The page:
VMware has introduced "tags" with the release of vCenter 5.1, during a "what's new" presentation at VMworld one of the speakers mentioned that these tags could be seen as 2.0 replacement for custom attributes. Tags do offer a lot more then custom attributes, for instance they will be indexed by the search feature of the vSphere web client and they can be used on (almost) all objects in a vSphere environment. Custom attributes can not be searched within the vSphere (web) client and can only be used on Virtual Machine objects.
But is the statement also true when looking at VMware vSphere 5.1 environments currently running in production at VMware customers ? Probably not at the moment, I believe custom attributes will disappear eventually but at the moment there are to many (legacy) 3rd party applications and (PowerCLI) scripts that still use custom attributes.
A good example for the use of custom attributes by 3rd party applications are backup applications, Netbackup and also Veeam can write the last backup result of a VM to a custom attribute value.
If wanted / needed you could create a export of these values to create a report by the use of PowerCLI.
During a recent project a customer was changing their backup application and procedures, the formerly used Netbackup in a disk-to-disk-to-tape way. To the new solution for this customer, which became Netapp Snap Manager, this provides very fast and full backups at storage level. The only downside for the VM admins is that they no longer where able to "see" backup details, such as last backup time and result. This used to be written by Netbackup in a custom attribute value per VM and also exported csv file to update a status webpage.
The Netapp solution does not provide such thing out-of-the-box, so it was PowerCLI to the "rescue". I started to work on a script that would add a custom attribute to every VM and add the timestamp of the last successful backup. Note that Snap Manager uses a VMware snapshot in it's backup procedure, so I only needed to find the removal of the snapshot created by the Netapp service account in the event log per VM to retrieve this data. After some testing and searching the internet for some extra info, I stumbled upon the "Who created that VM?" script by Alan Renouf .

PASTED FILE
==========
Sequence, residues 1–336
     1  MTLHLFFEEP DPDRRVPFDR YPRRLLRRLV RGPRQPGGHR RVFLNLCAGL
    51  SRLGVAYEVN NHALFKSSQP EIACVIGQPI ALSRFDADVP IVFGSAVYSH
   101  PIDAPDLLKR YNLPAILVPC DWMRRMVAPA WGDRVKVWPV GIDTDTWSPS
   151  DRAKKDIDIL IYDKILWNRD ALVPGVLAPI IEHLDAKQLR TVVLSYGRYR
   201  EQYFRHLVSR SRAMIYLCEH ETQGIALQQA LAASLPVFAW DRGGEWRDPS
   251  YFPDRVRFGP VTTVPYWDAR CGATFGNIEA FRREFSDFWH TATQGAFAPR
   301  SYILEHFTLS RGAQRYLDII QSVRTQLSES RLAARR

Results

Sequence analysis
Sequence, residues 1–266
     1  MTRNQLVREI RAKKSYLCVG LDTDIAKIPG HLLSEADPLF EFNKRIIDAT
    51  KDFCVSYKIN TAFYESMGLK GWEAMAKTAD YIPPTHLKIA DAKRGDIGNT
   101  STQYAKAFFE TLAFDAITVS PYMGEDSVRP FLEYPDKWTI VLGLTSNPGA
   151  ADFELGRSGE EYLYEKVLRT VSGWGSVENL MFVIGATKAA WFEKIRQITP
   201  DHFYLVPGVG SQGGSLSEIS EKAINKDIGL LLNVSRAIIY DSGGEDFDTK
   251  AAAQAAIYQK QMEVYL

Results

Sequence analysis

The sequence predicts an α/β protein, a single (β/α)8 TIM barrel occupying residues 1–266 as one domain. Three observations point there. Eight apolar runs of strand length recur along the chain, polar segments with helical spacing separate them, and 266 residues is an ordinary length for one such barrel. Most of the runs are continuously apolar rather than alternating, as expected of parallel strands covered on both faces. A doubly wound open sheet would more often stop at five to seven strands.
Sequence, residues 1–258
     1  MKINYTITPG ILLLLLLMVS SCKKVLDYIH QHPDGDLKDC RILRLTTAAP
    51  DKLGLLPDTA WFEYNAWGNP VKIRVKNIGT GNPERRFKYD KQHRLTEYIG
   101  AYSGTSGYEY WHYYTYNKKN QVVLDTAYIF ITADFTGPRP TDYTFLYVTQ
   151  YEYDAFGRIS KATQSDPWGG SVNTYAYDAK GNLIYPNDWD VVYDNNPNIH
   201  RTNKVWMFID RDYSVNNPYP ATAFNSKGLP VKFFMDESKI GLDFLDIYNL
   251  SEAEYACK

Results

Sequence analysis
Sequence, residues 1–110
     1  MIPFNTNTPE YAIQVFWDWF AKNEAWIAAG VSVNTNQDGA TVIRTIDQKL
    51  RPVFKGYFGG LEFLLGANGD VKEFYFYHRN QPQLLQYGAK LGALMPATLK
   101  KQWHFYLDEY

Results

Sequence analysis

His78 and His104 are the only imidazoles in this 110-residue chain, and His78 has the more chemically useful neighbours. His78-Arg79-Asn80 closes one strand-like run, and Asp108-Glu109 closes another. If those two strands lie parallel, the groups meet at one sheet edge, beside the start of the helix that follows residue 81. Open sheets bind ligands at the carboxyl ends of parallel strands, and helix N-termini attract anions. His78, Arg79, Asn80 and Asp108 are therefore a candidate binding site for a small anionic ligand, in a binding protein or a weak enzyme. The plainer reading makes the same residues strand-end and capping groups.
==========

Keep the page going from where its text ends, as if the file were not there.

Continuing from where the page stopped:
This script retrieves the user account which created that VM and the timestamp of the creation action. The username is then used to retrieve the full name from the Active Directory, the full name and timestamp info are then written to 2 custom attributes. I saw the potential of knowing who and when a VM was created, especially if you want to report on growth of your environment (will write on this in a later post). So I took the main part of Alan's script, modified it to suite the customer needs and also added my last backup part in that script.
The VM admins can now easily see from within the vSphere client when a VM was created, by who and when the last successful backup was made and it will also create the csv file needed to update their internal status webpage.
So in this particular case there is still a very good use case for custom attributes, in a later post I will go into more detail on how to use the value from the "CreatedOn" custom attribute to create a report which shows with how much VM's your environment is growing per month.
For those who want to use my script or use parts of it, please do but there are some points of attention:
1 To get the full name from the AD the script uses Quest AD cmdlets to resolve the username to full name.
2 If a VM is removed from the vCenter inventory and later added again the creator name will be the person how has re-added the VM not the original creator.
In general when you want to add / attach informational data to a VM by the use of (PowerCLI) scripting, you still will want to use custom attributes instead of the newer tags. But keep in mind that custom attributes can only be made visible in the vSphere web client if you run them thru the "migrate to tag" wizard.